Environmental scientists from Delaware State University, Virginia State University, and Morgan State University have devised a survival plan for a tiny island nation threatened by global warming. That the nation doesn’t exist is beside the point.
By 2075, the Lao Pao River—the main water supply and lifeblood of the South Pacific’s Ayese Islands—will be a shell of its old self. A victim of climate change, the river will occasionally run dry for weeks at a time. And as a result, the islands’ 100,000 residents will experience crippling water shortages roughly once every eight years.
Global warming’s pinch will be felt in other ways, too. The shorelines of Falula—the biggest and most populous of the Ayesian islands—will creep inward by as much as 100 feet by 2075. Tropical cylcones will become more intense and will inflict broader destruction. Some neighborhoods that now flood once every 25 years will flood once every seven or eight.
If you weren’t aware of the Ayese Islands’ plight, well, that’s not too surprising: The islands are fictional, invented as part of a climate-change case study by researchers at Delaware State University, Morgan State University, and Virginia State University. At the University of the Sunshine Coast in Queensland, Australia, Gulnihal Ozbay (Delaware State) and her collaborators simulated global warming’s impact on the Ayese Islands’ economy and infrastructure. Then, they devised a plan to help the Ayesians cope.
Both geographically and demographically, the Ayese Islands resemble many of the real island nations of the South Pacific. Those islands are, in many ways, the front line in the battle against climate change. Sea levels are rising faster in the Pacific basin than anywhere else in the world, making developing nations in the South Pacific increasingly vulnerable to tropical cyclones—a cruel twist of fate considering that the islands collectively are responsible for just three hundredths of one percent of global greenhouse gas emissions.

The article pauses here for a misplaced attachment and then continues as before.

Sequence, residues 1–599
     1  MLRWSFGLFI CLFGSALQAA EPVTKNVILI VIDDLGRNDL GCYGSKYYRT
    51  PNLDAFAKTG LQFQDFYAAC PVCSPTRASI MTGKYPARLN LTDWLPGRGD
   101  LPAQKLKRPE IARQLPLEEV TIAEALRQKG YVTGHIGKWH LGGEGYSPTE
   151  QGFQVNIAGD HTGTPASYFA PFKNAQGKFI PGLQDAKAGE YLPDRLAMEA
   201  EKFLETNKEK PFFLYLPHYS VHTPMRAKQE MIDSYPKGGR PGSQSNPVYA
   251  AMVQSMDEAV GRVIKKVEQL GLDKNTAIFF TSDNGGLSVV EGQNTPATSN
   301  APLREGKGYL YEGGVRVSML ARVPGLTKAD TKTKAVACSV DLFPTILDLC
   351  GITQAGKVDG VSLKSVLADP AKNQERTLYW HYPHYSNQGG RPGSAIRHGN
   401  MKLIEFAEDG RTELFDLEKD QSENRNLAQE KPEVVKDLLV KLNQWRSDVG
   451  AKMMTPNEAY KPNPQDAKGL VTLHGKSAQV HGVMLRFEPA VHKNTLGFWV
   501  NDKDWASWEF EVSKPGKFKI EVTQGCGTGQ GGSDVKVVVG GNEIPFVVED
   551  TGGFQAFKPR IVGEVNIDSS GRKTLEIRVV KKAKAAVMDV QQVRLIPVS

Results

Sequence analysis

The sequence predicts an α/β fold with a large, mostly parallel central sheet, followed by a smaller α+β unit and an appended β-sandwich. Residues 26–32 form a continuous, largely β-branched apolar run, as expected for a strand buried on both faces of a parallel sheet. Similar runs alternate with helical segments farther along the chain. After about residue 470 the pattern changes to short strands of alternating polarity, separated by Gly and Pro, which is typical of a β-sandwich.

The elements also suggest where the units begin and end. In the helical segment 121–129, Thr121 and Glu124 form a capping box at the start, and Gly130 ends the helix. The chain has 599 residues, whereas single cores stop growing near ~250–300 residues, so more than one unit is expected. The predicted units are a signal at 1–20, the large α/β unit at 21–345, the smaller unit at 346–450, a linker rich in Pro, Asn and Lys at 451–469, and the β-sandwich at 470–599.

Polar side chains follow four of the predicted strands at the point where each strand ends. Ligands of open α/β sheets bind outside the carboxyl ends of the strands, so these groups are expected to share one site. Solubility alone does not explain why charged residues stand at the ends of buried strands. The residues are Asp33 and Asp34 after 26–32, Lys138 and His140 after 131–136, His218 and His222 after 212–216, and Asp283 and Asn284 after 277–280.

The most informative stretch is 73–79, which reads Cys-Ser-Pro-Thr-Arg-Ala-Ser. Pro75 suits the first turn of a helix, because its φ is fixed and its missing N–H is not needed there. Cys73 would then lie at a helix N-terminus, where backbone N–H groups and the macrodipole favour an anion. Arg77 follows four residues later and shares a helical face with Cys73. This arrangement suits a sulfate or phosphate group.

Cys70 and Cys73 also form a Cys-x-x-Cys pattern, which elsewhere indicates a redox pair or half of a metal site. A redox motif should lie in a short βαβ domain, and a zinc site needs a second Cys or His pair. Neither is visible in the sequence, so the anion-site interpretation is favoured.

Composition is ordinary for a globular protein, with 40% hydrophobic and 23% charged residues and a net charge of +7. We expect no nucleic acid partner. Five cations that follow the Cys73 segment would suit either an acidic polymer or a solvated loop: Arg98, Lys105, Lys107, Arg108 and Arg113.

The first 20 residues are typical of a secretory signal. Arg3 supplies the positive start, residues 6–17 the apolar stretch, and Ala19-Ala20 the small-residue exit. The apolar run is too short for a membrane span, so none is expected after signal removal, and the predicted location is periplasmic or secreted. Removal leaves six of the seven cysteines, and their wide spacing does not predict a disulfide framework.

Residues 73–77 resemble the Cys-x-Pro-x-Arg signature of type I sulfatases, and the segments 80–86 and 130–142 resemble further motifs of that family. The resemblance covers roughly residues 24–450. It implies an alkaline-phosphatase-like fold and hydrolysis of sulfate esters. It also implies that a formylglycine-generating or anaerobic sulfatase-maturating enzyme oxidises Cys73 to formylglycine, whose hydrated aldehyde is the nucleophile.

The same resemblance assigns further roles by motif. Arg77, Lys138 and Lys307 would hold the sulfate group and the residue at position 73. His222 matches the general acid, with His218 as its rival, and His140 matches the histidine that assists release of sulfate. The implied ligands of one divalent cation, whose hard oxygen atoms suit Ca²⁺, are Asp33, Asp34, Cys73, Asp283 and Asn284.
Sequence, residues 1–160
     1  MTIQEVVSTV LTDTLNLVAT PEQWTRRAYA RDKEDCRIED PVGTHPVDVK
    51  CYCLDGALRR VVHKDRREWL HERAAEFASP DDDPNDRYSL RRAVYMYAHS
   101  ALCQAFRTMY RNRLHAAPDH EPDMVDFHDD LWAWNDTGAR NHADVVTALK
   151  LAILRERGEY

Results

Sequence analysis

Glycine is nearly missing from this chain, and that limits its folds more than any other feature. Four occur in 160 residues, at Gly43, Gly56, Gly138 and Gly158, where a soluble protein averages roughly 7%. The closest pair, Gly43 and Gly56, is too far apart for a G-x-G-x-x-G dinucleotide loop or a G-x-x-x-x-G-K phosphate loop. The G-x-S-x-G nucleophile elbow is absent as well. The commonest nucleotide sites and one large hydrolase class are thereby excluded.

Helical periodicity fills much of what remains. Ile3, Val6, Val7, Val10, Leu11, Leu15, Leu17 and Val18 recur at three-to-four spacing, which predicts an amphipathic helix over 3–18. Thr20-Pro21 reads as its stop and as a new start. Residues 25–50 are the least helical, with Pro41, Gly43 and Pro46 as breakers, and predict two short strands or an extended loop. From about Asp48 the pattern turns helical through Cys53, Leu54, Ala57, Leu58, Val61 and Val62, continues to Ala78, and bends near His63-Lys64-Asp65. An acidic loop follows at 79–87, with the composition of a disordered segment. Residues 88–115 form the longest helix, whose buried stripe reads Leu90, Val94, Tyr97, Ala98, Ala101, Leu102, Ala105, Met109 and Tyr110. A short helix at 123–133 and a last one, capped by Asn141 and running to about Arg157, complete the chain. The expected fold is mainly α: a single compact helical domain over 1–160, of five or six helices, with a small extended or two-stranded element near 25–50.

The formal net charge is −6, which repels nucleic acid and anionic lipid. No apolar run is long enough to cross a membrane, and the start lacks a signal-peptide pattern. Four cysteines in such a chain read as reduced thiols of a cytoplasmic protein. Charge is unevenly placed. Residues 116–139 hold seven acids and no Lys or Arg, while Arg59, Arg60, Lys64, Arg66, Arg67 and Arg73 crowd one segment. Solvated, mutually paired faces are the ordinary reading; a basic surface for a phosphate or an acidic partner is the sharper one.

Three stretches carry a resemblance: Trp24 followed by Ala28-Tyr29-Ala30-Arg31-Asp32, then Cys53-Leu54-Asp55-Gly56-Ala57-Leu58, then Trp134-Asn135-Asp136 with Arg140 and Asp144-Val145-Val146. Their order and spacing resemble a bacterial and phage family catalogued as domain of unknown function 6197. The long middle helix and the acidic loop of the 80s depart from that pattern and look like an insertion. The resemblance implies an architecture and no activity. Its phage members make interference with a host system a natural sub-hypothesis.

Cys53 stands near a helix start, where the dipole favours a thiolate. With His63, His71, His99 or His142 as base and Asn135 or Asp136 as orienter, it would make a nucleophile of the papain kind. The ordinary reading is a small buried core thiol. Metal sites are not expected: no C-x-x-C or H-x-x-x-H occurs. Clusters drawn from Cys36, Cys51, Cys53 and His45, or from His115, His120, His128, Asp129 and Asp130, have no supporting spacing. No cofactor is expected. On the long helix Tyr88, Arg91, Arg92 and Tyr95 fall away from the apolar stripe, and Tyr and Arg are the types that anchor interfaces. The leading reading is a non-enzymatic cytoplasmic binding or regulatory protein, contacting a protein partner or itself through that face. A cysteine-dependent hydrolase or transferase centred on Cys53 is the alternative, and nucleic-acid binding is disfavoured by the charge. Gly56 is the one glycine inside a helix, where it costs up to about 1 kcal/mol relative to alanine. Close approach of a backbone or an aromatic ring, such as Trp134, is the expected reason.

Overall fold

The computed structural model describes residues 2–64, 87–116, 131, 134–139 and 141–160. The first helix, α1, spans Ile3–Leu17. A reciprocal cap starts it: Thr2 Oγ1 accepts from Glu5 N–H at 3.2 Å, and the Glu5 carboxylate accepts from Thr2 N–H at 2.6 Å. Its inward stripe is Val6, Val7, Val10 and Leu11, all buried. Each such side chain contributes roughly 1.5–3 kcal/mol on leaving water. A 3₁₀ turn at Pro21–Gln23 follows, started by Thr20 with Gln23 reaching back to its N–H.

Indeed, one of the biggest decisions Ozbay and her colleagues faced was how best to protect Falula from the increased flood risk due to sea-level rise. A sea wall would keep storm surges at bay but would be expensive. Plus, it would take precious shoreline away from the island’s burgeoning tourism industry. The team’s cost–benefit analysis suggested the Ayesians would be better off building stilt houses instead.
Ozbay and company also advised the Ayesians to stockpile an extra 20 million gallons of drinkable water, to prepare for the eventuality of water shortages. They further recommended that a planned vacation resort be moved about 50 yards further inland, to allow for future shore erosion.
Though it was just an exercise, the Ayese Islands study evokes real-world cases of climate-influenced urban planning. In 2013, a New York City advisory council formally recommended elevating the city’s wastewater pumping stations to mitigate the risk of damage due to increasingly frequent flooding. In North Carolina’s Outer Banks, forecasts of a three-foot sea level rise prompted a tiff between environmentalists, state assemblymen, and property owners over how best to confront the threat to shorefront properties.
Indeed, one expects that scenarios like the one envisioned by Ozbay and her colleagues will play out time and time again in the coming decades. The only difference: The people and places will be real—and so will the stakes.